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Life Force (NES) artwork

Life Force (NES) review

"Take on a massive brain/Cyclops, press through tight spots raining volcanic rock, and reach the famous fire level. It might not look like much these days, but the raging, pseudo-sentient arcing flames were a technological marvel at the time of the gameís release. Was the NES really doing this? Yes, it was, and it still is."

When I first played this game a few years back, it was a real pain. I appreciated the power up system immediately - as 2D shooters go, itís quite intuitive, but more impressively, it calls for you to employ some semblance of shooter strategy. Despite this, however, all I could think of was some fool telling me how Konamiís Gradius series of shooters (of which this game, called Salamander in the arcades, is number two) is the ultimate 'twitch shooter'. This means that the game should ostensibly be all about dodging by the seat of your pants. Itís not (and further evidence to this end presented itself when I played the heavily flawed Gradius III for the SNES). Admittedly, there are some really hairy parts toward the end, where split-second decision making and deft controller touch is your only recourse; but for the most part, the game is all about memorization and preparation. Donít be fooled - Life Force bears more resemblance to the deliberate R-Type than it does to the outrageous Do Don Pachi.

Konami did something marvelous here. They created a game thatís better than Gradius, through crafting better side-scrolling levels than the original, and adding to the mix interspersed top view levels - making Life Force a thematic precursor of sorts to Konamiís later gem, Axelay. Like that SNES game, Life Force gives us six levels of play, filled with excellent graphics and even more superb sound. The power up method is typical Gradius; you are besieged at the start of every level - as well as somewhere in the middle - by waves of weak-willed orange-red spacecraft. When you take out a whole wave, you are given a power up. Missing even one ship in a wave constitutes no power up for you, and a whole lot of cursing. This is because you absolutely need every one you can get to give your ship half a chance.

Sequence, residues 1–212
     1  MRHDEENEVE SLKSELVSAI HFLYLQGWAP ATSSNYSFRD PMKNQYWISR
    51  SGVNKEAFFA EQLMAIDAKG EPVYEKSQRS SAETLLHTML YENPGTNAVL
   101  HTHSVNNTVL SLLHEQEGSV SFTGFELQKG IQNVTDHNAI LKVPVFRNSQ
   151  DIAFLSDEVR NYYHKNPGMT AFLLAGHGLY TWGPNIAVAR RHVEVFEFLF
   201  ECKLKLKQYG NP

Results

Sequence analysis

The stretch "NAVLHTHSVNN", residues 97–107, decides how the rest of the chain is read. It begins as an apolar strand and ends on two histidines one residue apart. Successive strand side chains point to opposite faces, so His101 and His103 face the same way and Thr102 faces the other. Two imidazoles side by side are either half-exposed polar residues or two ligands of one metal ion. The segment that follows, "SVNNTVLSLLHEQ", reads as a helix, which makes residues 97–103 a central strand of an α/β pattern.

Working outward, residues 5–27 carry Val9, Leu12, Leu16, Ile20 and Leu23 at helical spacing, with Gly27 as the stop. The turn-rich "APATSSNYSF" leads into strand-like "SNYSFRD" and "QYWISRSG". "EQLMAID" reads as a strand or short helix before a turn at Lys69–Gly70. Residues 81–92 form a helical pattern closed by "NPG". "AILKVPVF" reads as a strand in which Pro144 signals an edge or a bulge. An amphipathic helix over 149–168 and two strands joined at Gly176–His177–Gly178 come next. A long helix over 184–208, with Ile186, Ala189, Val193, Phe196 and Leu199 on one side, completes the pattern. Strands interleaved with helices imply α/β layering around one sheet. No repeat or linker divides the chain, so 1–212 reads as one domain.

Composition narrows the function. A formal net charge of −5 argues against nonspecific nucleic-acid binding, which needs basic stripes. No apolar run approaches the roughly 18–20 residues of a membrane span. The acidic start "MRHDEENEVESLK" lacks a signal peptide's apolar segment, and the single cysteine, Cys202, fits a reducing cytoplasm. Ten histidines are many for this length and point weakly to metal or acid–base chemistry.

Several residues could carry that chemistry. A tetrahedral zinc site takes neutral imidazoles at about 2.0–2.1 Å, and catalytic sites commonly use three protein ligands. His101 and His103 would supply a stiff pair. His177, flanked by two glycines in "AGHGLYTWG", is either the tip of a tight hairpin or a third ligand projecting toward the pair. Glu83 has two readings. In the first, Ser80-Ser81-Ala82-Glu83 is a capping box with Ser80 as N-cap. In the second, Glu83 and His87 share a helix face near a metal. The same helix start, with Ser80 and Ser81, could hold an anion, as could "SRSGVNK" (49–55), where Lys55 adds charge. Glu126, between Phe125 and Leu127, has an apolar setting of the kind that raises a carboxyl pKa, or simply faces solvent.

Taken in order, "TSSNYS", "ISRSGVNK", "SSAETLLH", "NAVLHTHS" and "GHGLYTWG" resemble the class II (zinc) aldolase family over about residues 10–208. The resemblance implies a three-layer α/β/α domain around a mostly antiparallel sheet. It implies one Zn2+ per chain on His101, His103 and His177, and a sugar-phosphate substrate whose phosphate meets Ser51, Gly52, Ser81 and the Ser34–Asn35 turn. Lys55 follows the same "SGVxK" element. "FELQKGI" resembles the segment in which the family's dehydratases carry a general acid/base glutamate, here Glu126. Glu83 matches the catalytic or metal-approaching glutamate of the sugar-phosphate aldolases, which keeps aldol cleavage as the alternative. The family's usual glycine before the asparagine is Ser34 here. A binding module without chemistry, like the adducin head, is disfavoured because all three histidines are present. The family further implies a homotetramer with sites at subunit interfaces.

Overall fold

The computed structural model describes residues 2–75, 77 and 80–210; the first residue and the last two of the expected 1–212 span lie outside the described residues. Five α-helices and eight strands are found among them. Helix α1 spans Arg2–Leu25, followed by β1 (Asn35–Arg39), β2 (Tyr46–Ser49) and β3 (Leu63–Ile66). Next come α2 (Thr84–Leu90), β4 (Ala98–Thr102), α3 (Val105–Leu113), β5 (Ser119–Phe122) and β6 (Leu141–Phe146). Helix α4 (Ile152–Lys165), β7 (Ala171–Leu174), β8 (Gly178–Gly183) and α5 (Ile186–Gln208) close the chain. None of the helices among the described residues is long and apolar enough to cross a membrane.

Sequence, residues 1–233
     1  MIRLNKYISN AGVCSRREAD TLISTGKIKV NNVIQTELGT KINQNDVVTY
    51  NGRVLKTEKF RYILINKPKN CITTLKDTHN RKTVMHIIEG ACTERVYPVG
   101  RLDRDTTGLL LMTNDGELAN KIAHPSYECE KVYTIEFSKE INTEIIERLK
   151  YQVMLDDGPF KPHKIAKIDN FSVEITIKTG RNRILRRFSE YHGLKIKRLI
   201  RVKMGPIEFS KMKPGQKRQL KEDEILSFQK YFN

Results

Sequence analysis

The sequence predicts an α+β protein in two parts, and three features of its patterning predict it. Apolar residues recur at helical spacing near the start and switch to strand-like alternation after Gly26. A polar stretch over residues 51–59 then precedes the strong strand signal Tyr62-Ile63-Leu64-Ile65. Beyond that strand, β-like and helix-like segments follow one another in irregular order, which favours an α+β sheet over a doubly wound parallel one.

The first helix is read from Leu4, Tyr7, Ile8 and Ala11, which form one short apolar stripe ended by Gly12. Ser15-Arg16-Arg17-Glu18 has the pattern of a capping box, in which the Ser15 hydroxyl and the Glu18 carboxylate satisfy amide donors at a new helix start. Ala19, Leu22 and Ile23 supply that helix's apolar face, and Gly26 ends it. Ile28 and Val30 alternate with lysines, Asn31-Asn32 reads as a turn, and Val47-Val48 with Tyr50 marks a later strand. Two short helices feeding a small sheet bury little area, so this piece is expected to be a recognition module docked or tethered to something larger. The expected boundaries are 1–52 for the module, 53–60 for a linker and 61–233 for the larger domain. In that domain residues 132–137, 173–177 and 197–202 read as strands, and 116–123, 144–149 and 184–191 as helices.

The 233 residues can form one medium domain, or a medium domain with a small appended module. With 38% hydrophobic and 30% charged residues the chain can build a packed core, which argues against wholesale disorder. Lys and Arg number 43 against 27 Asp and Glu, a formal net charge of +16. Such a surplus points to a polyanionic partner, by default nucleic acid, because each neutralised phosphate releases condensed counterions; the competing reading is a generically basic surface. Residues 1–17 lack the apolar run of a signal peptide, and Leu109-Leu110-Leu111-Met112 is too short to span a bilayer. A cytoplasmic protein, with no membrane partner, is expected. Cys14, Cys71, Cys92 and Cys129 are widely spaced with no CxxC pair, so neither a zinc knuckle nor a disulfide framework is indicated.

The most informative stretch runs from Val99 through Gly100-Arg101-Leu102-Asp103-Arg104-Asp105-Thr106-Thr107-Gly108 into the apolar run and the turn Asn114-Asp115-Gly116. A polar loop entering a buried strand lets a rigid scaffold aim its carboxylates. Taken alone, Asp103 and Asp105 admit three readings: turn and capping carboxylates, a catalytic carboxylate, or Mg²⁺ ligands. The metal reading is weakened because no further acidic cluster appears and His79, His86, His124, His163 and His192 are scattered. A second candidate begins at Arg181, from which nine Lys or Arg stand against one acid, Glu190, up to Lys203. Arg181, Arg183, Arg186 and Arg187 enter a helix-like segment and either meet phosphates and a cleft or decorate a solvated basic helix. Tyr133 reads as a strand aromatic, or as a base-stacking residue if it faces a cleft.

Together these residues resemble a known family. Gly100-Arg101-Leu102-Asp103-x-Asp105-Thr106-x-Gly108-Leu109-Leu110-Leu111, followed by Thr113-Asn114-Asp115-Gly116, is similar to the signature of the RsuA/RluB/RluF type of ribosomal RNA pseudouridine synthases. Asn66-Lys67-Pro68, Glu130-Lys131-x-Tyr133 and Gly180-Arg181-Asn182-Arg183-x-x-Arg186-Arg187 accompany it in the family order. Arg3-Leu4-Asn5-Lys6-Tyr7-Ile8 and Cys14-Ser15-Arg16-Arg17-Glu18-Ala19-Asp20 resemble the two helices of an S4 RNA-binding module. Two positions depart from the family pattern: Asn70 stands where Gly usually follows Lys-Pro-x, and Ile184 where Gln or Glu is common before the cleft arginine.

Here's where the strategy comes in; the power ups have no face - you choose how to spend them (it's quite easy to do, even on the fly). Speed costs you one power up, making it the cheapest augmentation to have. And for good reason; without a few speed power ups, most bosses will pin you down and take you apart. Next are the missiles, then the ripple shot, the all-powerful laser beam, the options (round blobs that follow you and fire with you) and finally the Force shield. I like to grab a few 'speed ups', a ripple gun, and then save up for a shield right away. Your priorities will likely be different; you may feel that speed ups, missiles and the laser are essential to begin - this opportunity for personalization is what makes the power up system so good.

If you get going well early on, it becomes possible to finish Life Force on one man. Should you die, especially in the last half of the contest, you will likely find that your other lives will also be lost in rapid succession, and a continue will be necessary to try to get yourself back on track.

Take on a massive brain/Cyclops, press through tight spots raining volcanic rock, and reach the famous fire level. It might not look like much these days, but the raging, pseudo-sentient arcing flames were a technological marvel at the time of the gameís release. Was the NES really doing this? Yes, it was, and it still is. Itís also forcing you to race through a near-impenetrable gauntlet of steel after dispatching the ever-easy last boss, at insane speeds that break the 8-bit sound barrier. Konamiís classic is filled with memorable moments like these that prove that itís not just nostalgia at work when game experts continue to rave about it. Ironically, Gradiusí sequel is even capable of making some of todayís jaded gamers revisit its archaic atmospheres, once experienced, with a sigh and a smile.

Life Force is one of those shooters that seems perfect when youíre playing it perfectly, and a horrible tangle of slow ships, rapid-fire deaths and cuss words when youíre not. If you get frustrated easily when you arenít making much progress an hour or so into a game, your shooter collection as well as your blood pressure could probably do without a struggle with Life Force. If you wear your ''I survived Xevious'' T-shirt to nightclubs, or broke the bank for Radiant Silvergun, this game needs to be part of your life. Shoot, die, learn, proceed and conquer. Thatís the old school way and it will rarely feel better.

Something More: For whatever reason, Konami changed the name of this arcade classic from its original coin-op name, Salamander, to Life Force, and messed around with the colour scheme in areas for this NES release.

Something Else: Youíve got a PC Engine right? Or a Turbografx-16 with PC Engine converter? Of course you do! Never mind how unlikely that scenario is; if youíre lucky enough to be so equipped, pick up the NEC-hosted, near-perfect port of Salamander. Be forewarned though, if you thought Life Force was hard, Salamander will positively shred you.

Masters's avatar
Staff review by Marc Golding (January 03, 2004)

There was a bio here once. It's gone now.

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